Risks


Revision surgery


Infection


Knee Pain


Blood clots


Stiffness of the knee joint


Weakness of muscles.


Failure to obtain desired range of motion


When these complications occur, albeit rare, recovery time may prolong, complete recovery might fail or revision surgery might be required. You should inform your orthopedic surgeon about your concerns before the surgery.Your surgeon will explain in detail whether those risks apply to you or if so, the rate of occurrence.


 


 


Knee Repacement


Knee replacement surgery is among the most common operations in the field of orthopedics.


The knee joint is formed by the lower end of the femur, the upper end of the tibia and the kneecap (patella). The joint surfaces on these three bones are covered by articular cartilage, a soft substance that protects the bones and allows them to move easily.


The knee joint may lose its normal structure and functioning due to various diseases, including osteoarthritis as the most common one, trauma, or wearing off over time. This condition is frequently manifested by pain, laxity, and reduction in the range of motion of the knee joint.


When a problem occurs in the above mentioned parts of the knee joint and it cannot be solved by medication and physical therapy, your surgeon cuts the damaged parts of these bones and places the artificial joint made of metal alloys or other suitable materials.


Why is knee replacement procedure done?


Your knee is among the most important joints of your body. Having healthy knees is a must to perform daily life activities.


If your knee is severely damaged due to arthritis or injury, it becomes difficult to do routine daily life activities such as climbing stairs, walking or going uphill. For initial stages, motions of the knee joint cause pain, but you may feel pain even at rest as the damage progresses.


If medication treatment, physiotherapy and rehabilitation and use of walking aids cannot manage the pain and do not help to maintain the function of the knee joint, total knee replacement may be considered.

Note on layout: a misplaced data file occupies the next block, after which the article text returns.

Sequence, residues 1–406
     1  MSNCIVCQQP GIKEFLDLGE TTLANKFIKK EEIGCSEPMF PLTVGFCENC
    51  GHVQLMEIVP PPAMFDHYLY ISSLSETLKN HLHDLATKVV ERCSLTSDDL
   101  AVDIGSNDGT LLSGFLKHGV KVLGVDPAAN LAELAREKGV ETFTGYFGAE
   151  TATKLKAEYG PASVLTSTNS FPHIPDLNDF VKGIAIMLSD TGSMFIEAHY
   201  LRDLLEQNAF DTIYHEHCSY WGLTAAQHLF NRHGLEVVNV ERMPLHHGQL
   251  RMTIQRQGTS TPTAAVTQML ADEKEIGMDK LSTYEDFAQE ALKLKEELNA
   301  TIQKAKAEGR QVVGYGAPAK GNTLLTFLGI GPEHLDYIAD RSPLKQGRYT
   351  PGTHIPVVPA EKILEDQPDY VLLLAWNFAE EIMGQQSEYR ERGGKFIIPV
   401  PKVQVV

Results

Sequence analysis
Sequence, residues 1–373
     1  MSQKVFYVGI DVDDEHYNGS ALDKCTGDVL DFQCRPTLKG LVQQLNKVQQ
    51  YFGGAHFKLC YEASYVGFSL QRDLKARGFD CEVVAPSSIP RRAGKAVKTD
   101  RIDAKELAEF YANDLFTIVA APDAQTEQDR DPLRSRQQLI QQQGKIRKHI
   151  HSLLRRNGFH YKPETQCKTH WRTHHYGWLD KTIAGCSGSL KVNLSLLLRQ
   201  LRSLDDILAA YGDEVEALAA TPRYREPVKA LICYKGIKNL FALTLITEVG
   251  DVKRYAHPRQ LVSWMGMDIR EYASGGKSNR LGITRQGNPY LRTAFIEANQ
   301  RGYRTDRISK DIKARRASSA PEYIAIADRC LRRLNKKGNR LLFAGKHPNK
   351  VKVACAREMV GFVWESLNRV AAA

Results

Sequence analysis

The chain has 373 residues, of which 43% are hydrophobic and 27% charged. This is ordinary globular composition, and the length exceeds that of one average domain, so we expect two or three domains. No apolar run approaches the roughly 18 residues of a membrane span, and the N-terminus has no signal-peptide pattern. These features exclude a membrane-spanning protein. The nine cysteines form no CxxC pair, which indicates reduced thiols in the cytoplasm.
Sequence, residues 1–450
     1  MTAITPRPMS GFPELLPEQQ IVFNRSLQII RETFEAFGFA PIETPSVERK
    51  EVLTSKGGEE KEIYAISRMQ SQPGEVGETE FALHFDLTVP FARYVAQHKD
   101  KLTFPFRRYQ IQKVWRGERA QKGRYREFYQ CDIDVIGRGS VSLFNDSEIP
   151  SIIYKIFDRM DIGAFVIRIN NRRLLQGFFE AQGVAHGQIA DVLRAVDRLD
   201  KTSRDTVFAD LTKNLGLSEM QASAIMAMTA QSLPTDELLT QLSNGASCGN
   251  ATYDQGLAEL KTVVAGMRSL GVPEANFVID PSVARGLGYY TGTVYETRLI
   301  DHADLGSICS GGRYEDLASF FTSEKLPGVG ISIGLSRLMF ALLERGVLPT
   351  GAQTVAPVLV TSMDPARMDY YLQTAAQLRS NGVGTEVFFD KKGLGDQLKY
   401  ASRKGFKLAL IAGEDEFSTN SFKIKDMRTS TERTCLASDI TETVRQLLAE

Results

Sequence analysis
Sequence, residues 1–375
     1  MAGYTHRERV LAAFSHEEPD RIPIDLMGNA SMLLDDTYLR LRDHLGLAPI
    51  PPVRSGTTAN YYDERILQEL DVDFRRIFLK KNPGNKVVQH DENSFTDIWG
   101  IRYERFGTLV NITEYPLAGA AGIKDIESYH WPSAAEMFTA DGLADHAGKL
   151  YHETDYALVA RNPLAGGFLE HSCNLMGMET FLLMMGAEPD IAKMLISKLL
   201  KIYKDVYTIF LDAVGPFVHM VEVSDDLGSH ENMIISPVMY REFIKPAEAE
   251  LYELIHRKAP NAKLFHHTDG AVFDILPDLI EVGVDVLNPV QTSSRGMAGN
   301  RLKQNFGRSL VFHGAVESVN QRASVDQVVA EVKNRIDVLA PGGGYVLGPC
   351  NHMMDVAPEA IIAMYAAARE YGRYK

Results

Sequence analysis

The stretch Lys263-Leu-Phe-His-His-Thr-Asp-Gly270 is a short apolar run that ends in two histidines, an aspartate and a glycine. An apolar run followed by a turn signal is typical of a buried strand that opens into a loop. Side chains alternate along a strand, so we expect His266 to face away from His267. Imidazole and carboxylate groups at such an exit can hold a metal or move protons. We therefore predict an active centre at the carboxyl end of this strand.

Most common cause of the chronic knee pain and disability is arthritis. Although there are many types of arthritis, only three of them account for most knee pains: osteoarthritis, rheumatoid arthritis and post-traumatic arthritis.


Risks


The rate of complication after total knee replacement is low, but as the case for all surgeries, total knee replacement also involves some risks.


Although all possible measures that modern medicine allows are taken to prevent occurrence of risks, it is no means possible to warrant that the risks will be completely eliminated.


These risks may be related to surgery and anesthesia, but there are also some risks that may be faced after the surgery.Potential risks of total knee replacement are as follows:


Infection


Persistence of the knee pain


Clot formation in the leg veins and migration of the clot to other body parts


Anesthesia-related complications


Damage of the nerves and blood vessels around the knee


Wearing of the implant (artificial knee joint) over time


Failure to obtain desired range of motion in knee joint


When these complications occur, albeit rare, recovery time may prolong, complete recovery might fail or revision surgery might be required. You should inform your orthopedic surgeon about your concerns before the surgery.Your surgeon will explain in detail whether those risks apply to you or if so, the rate of occurrence.